The Aquarium has always requested more land in order to expand. In 1986 they were told that there would be no more expansions. In 1995 they were told that they could only expand if the public voted in favour of the expansion. In 1998 the aquarium asked the Park Board for another expansion. The Aquarium could have asked for a referendum concerning their expansion to be held during the 1999 election, or the 2005 election. They have consistently resisted holding referenda regarding expansion, and regarding the keeping of dolphins and whales in captivity. This is because they are afraid of the public’s decision.

By not holding referenda on these issues, the Vancouver Park Board is representing the interests of the Vancouver Aquarium instead of representing the public’s interest. The Park Board. is elected by the public and their salaries are paid by the public. It is in the public’s interest to have a vote on such vital issues as allowing the Vancouver Aquarium to expand, and on keeping whales and dolphins in captivity. Thousands of people signed petitions asking the Park Board to hold a referendum regarding phasing out the captivity of whales and dolphins in Stanley Park. In 1995, after extensive public consultation it was concluded that a bylaw would be drafted with the intent of phasing out the whale and dolphin exhibits at the Vancouver Aquarium. The Vancouver Aquarium managed to influence the Park Board into approving an ineffective bylaw in the end, but the public consultations concluded that the people of Vancouver wanted the Aquarium to stop bringing anymore whales and dolphins into Stanley Park. The Park Board needs to be representing the public’s opinion.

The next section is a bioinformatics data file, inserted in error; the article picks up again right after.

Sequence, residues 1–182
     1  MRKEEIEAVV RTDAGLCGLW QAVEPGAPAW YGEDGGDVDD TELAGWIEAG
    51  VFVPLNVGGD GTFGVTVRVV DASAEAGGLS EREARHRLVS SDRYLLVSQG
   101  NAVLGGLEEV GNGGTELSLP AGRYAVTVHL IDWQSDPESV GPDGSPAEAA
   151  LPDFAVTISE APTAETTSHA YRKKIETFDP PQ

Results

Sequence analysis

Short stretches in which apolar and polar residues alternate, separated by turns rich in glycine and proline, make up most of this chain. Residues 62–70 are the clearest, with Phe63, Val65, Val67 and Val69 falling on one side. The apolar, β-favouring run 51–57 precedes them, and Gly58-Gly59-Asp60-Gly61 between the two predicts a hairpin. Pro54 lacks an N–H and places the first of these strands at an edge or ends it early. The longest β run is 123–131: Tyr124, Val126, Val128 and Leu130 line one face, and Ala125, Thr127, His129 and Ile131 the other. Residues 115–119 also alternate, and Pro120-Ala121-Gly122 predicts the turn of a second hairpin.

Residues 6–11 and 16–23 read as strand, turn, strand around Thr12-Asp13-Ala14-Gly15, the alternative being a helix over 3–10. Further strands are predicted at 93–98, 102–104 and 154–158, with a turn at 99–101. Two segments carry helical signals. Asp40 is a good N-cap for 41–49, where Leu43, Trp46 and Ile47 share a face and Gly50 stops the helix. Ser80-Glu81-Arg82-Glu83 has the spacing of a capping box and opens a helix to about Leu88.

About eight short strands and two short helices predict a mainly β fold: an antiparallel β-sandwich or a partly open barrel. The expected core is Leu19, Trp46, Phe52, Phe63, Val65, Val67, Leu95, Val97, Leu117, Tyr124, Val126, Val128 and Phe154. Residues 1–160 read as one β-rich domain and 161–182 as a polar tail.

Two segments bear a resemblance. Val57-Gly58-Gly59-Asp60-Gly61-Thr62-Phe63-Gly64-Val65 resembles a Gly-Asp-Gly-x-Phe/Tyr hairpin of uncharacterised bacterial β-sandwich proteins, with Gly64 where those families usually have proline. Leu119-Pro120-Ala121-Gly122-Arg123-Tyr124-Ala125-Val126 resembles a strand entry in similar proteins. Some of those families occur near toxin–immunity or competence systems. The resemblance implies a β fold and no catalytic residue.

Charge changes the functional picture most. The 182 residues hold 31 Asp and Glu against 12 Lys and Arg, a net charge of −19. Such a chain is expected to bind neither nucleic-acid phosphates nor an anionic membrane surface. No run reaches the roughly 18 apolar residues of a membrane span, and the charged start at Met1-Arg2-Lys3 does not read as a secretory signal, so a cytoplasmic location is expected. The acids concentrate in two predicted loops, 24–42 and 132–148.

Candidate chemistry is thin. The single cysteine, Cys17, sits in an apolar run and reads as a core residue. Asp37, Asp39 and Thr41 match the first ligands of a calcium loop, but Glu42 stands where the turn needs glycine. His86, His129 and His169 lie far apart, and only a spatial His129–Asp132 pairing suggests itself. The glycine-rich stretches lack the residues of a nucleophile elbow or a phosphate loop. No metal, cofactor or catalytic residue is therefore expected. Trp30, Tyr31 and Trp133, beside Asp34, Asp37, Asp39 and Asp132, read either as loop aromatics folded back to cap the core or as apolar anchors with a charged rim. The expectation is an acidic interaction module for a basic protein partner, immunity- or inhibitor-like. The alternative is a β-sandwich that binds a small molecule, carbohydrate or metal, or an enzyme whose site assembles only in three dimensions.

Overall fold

Commissioner Zlotnik believes that a referendum is not needed regarding expansion, or the keeping of whales and dolphins in captivity because the Aquarium will conduct extensive public consultations. It is ridiculous to allow the aquarium to do their own public consultations. Of course, the results will be biased. Even after the 1995 public consultations showed that the public wanted to phase out the cetacean exhibits, and even after the Park board passed a motion in 1998, that says “ no portion of the footprint pursuant to this agreement (VA association rental agreement) be used for any expansion to the current cetacean facilities,” the aquarium still declares that it will maintain indefinitely and expand the cetacean captivity program. In this way, the Aquarium shows blatant disregard for public opinion and for Park Board policy. Clearly, the Park Board must conduct the public consultations, and a referendum is the first step in the consultation process. This is the only way that the public has a chance to protect their public lands.

There is no reason for the Park Board not to have a referendum except if they are protecting the interests of the aquarium, over the interests and the will of the people. Referenda are a tool of democracy that everyone should support because everyone gets a chance to express their opinion.


Will you help the whales today?



© Coalition For No Whales In Captivity 2006